How to make a go bag when leaving an abusive relationship
Did you know that 1 in 4 women (24.3%) and 1 in 7 men (13.8%) aged 18 and older in the United States have been the victim of severe physical violence by an intimate partner in their lifetime?
Think about your closest circle of friends. Now, notice the statistic above. 1 in 4 women. 1 in 7 men. Statistically, someone you know has been a victim of domestic abuse, yet you probably have no idea. Frightening, right?
We all would like to think it would never happen to us or someone we know, but the reality is that it does happen. There are warning signs of abuse that we should be aware of, both in our own relationships and those of others around us. Plus, abuse can be more than just physical or emotional—sexual, financial and digital are a few other forms abuse can take.
If you live with your partner and begin to notice the red flags, or sense a friend may be in trouble, it’s a good idea to be prepared to leave when necessary. One way to do this is to keep a “go bag” ready and waiting. This way, in case of an emergency situation, you are able to leave immediately with all the essentials.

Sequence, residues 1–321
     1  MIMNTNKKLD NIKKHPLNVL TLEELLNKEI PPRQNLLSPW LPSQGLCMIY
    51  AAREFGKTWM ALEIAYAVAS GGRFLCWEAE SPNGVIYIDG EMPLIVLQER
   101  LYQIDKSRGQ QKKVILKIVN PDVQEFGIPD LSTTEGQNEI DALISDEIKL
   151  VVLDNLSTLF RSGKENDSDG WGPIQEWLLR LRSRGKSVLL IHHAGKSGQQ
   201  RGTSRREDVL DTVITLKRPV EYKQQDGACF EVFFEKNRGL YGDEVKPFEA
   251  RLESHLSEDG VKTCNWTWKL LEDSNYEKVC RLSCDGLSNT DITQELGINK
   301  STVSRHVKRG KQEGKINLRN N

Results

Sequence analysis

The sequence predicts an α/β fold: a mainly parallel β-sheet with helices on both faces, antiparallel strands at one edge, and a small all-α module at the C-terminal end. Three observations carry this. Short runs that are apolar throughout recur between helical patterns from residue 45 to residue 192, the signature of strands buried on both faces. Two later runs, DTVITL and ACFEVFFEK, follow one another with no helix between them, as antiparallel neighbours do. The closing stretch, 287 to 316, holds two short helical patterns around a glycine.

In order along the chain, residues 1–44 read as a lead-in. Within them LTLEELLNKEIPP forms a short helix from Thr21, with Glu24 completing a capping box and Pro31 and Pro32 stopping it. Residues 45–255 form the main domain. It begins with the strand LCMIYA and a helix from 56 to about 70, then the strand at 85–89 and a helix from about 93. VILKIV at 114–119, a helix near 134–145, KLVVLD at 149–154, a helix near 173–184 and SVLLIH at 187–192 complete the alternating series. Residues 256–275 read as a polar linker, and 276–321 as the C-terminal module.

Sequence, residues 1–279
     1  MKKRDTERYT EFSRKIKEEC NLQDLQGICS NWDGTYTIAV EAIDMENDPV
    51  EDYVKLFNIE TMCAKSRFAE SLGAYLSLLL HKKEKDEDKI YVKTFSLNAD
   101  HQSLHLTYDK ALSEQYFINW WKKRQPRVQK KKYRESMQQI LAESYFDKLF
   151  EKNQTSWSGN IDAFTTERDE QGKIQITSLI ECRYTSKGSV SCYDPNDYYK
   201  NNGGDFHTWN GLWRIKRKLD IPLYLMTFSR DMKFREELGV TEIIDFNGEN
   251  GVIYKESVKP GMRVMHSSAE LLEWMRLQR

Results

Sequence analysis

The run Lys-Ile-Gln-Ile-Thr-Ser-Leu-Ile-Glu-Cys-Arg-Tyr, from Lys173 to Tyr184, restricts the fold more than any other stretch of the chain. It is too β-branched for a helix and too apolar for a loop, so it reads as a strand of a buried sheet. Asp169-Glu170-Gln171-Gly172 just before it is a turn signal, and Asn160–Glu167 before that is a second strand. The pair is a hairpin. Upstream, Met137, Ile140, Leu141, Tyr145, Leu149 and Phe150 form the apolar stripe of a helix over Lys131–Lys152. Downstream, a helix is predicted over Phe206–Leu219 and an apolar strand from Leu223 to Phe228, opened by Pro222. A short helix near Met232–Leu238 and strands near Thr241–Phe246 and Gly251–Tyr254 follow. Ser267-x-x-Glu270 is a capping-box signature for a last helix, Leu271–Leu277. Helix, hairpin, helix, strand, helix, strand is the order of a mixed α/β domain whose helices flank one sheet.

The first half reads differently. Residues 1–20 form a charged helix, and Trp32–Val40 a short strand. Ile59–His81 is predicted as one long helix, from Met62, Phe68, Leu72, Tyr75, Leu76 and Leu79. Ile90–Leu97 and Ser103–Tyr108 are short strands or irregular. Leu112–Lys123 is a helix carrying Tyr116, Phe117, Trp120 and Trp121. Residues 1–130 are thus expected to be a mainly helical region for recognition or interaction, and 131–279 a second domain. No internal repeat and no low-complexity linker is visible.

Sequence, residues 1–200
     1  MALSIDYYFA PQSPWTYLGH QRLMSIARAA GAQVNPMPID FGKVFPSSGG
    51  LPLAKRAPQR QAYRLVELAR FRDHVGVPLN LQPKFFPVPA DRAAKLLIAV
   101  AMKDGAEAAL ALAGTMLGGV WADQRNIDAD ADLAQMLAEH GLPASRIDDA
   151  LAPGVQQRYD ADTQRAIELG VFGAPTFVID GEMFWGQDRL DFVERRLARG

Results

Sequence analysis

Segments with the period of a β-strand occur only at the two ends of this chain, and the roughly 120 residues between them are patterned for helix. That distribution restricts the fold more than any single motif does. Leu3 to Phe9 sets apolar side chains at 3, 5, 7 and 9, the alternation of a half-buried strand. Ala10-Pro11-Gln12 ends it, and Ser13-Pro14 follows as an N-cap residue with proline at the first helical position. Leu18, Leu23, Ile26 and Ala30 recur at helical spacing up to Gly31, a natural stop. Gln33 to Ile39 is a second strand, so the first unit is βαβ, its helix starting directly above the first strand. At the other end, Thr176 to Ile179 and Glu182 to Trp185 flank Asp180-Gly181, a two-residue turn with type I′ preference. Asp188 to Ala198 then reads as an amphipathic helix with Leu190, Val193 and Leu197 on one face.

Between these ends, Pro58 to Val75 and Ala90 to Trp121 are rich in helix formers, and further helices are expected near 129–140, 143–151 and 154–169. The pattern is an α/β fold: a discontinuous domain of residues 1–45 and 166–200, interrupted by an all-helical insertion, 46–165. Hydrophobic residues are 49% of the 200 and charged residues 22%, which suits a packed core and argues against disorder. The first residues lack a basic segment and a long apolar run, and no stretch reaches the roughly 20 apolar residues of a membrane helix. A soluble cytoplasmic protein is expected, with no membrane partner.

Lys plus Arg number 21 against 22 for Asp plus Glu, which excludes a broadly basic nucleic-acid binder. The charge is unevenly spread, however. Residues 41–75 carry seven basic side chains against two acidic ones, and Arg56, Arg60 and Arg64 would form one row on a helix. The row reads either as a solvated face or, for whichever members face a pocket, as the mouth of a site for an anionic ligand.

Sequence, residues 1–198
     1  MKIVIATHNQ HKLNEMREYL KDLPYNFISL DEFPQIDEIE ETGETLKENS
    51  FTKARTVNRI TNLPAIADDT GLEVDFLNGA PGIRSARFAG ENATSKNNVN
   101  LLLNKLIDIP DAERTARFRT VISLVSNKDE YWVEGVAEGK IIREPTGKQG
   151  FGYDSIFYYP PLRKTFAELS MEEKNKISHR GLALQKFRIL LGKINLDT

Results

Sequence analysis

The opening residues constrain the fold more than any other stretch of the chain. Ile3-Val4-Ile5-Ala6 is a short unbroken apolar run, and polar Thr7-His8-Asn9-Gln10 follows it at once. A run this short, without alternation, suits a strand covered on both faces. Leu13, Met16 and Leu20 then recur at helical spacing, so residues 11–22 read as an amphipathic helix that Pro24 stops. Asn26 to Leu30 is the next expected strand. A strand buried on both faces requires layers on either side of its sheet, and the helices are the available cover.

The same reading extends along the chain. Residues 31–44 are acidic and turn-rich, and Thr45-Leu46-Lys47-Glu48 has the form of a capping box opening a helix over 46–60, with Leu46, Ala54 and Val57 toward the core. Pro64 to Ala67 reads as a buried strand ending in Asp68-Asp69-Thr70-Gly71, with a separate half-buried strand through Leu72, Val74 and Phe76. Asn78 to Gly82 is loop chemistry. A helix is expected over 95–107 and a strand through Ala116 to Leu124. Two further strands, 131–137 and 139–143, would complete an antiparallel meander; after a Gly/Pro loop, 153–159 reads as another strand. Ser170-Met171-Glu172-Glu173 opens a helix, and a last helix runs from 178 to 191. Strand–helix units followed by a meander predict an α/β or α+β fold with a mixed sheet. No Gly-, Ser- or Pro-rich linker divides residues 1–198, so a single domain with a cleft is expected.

Your go bag could include:
- Birth certificates and social security cards for yourself and your children
- Driver’s license and/or passports
- Marriage, divorce or custody papers
- Legal protection or restraining orders
- Health insurance cards and medical records
- Immunization records
- Car title, registration, and insurance documentation
- Cash and prepaid credit cards that can’t be traced
- Prepaid cell phone or a cell phone with a new contract and number. Try to keep it fully charged.
- Current medications and prescriptions for yourself and your children
- Clothing for you and children
- Spare set of keys
Keep your go bag somewhere you could easily access it if you had to leave in a hurry. Some ideas might be in the trunk of your car, near your front door, or at a trusted friend’s house. Try to keep your phone charged and your car full of gas, just in case.
In many cases, returning to your home once you leave may not be an option. If you do feel the need to return for more items, make sure you are keeping your safety in mind. Consider when you might be able to go when your abuser won’t be home, and bring someone with you, such as a friend or police escort.
loveisrespect advocates are available 24/7/365 to talk to you about your relationship, whether that’s identifying abusive behaviors or helping you find safety.
Staci Salazar is a parenting and lifestyle blogger from Dallas, TX. You can follow Staci at ourfamilylifestyle.com.
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